This week Ian and I drove up to Yorkshire to stay with my brother. Ian wanted to repair some bodywork on the pick-up, and Rob has a large workshop. We drove up on Sunday and began the repairs on Monday morning.
A choice was made to make long-term fixes without being cosmetically perfect. This would save time and make the bodywork free from rust. After all, it is a sixteen-year-old vehicle, and no amount of fine sanding and colour matching would avoid the reality of the age. And as many of you know, we use the pick-up as a commercial vehicle. Everything from a tonne of rocks to the live-streaming setup is carried. And from time to time, it becomes personal transport, a versatile truck.
On occasions, we connect the trailer to the truck and then it has a real workout. Its last outing involved a 450 miles roundtrip collecting new display units for the shop. So, while the old pick-up may be old, it still is a handy machine. And with regular maintenance should serve us for some years to come.
When the truck was in bits, I saw the extent of the rust behind the paint. In reality, what looked like a four by two-inch patch was a large area of rot, and the centre was holed through. To make this a more significant repair involved cutting out the rotten metal and making suitable the salvageable site. Then rust proofing and undercoat before a brushed cover of metal paint. This was not going to be a cosmetic repair, as already mentioned. I asked Ian how long the repair would last? He thought it would be ok for about two years: ‘the whole pick-up area could do with removing, sandblasting and professionally sealed and baked. I doubt if it is an economically viable proposition.’ He replied.
On the way home, I began to think about the hours of work done to repair an ageing machine. Looking at the repairs, one would think there was little time spent on the renovation.
We have to make continuous changes and adjustments to the original plan. And rarely does the original plan work out to be near the first design. And there is a correlation between the repair and our small businesses.
Not only this, there are setbacks and misunderstandings made along the way. A reversal can make a project stand still, and a return to momentum is often gauged in months, not days. And the repairs to the issues can leave scars. The repairs can mean cutting away old ideas and concepts, and making good can take months of effort.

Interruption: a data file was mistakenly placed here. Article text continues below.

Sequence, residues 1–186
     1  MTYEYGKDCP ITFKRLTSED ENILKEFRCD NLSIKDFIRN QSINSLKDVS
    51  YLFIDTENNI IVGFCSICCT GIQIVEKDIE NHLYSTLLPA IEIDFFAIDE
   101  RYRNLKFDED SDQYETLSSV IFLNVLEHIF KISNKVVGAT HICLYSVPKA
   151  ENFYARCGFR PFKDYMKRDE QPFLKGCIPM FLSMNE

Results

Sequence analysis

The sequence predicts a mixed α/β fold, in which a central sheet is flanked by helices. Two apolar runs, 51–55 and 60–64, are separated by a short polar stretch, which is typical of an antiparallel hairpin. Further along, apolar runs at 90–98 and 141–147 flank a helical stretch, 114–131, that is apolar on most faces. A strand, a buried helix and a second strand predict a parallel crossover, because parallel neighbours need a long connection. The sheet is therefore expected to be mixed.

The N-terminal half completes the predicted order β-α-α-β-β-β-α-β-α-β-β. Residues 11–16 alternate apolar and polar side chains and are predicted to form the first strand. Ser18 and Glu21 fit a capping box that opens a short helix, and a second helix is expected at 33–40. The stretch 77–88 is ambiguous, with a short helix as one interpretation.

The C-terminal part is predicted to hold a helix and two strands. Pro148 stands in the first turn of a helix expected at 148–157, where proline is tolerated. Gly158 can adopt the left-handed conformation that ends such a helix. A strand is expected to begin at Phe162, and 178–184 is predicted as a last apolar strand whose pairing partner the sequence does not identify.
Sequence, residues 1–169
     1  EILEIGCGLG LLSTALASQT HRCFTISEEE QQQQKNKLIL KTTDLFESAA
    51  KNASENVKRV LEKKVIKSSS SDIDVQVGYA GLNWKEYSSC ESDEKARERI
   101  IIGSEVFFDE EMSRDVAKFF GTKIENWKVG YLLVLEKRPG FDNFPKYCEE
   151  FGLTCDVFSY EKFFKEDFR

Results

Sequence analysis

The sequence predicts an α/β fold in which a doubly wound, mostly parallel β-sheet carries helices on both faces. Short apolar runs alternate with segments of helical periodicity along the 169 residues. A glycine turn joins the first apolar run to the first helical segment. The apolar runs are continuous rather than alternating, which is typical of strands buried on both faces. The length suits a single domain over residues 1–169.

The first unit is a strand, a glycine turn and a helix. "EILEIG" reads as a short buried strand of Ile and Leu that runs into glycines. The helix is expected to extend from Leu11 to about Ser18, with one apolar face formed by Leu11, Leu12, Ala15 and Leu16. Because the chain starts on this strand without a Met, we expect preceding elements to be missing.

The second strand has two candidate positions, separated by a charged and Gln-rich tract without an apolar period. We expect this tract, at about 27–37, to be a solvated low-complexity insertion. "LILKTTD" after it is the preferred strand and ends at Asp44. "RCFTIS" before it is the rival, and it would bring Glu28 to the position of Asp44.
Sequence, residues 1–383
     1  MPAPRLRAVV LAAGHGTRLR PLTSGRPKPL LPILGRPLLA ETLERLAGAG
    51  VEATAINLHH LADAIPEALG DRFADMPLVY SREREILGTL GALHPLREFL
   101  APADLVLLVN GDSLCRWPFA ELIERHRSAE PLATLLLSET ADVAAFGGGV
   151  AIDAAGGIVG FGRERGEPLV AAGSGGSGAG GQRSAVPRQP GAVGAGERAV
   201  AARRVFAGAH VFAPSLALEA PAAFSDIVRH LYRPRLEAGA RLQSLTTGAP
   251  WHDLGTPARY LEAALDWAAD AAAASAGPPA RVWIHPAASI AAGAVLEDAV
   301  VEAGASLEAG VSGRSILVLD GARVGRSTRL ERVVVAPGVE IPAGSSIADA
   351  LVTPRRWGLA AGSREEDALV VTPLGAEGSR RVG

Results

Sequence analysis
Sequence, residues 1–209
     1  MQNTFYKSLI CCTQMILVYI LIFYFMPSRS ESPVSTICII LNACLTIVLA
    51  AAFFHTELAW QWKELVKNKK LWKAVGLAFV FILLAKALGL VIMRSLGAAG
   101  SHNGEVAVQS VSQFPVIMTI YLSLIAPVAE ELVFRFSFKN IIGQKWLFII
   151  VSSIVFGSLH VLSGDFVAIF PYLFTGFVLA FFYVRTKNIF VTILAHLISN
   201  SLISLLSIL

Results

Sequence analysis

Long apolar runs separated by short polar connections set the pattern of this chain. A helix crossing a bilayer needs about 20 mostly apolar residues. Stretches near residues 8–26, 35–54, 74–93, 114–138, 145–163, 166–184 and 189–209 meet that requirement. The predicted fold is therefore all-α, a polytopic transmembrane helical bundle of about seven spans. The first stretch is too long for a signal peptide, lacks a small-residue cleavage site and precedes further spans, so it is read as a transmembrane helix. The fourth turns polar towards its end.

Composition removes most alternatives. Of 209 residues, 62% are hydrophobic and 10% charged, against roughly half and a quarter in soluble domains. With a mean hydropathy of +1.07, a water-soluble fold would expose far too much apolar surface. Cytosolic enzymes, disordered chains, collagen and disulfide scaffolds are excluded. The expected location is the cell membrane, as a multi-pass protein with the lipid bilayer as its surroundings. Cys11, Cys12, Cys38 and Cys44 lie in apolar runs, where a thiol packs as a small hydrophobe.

People who choose to run a business know they have to maintain the infrastructure, which will mean spending money, even though there is little to spare. And few see the work involved. Even worse, some seek to see the flaws, not the overall picture or significant potential for success.
And the successful business owner is the one who makes the sacrifices, learns how to make the best choices and is prepared to make the best of what is available. They know that not everyone can be pleased or will like what they do! There should be no care for the critic; the game’s name is culturing those who do care. After all, those who dislike a product can never be persuaded to change. So all effort is placed into keeping the customers who matter.
Lessons can be learned everywhere!
The Staffordshire Well Being Show is looking great. We will see a whole house, and pre-booked ticket numbers are exceptional. This week will see the promotions begin, and I believe we will enjoy a super event. We had a few setbacks with the event, but there has been no need to make significant changes. No need to change our established formula. This show will enjoy The Well Being Brand magic.
Have a great week:
Liz Clark ~ MD LizianEvents Ltd
Another great piece Liz.
I was shouting at you ( metaphorically) to say about your car metaphor, “You don’t have to reinvent the wheel” !
I offer a few observations.
I worked for a ruthless and highly successful sales organisation for 25 years. Criticism was vital to that success. Every proposal was first tested around a boardroom table with around ten other, knowledgeable people, all shredding your proposal. If it survived that process- it was a good one.
My brother worked as a senior manger for BT. There they had a similar process with a two word question testing everything, “What if” ?. if your proposal could survive being able to triumph over every “what if” ?, you were on a winner.
In my workplace “feedback was the breakfast of champions” criticism was welcomed. If it was flawed it would be exposed as such, if it wasn’t flawed it would be put right. The mantra was “The customer is not always right, but what they think is always right”. Criticism is an opportunity, not something to be feared.
Valuing, and nurturing our existing customer base is essential. However striving to win new customers is equally vital for a business to prosper.
I have watched the success of lizian over recent years with admiration, You “Do what you can with what you have where you are” internally, but “Adopt, adapt and improve” externally.
See you at Stafford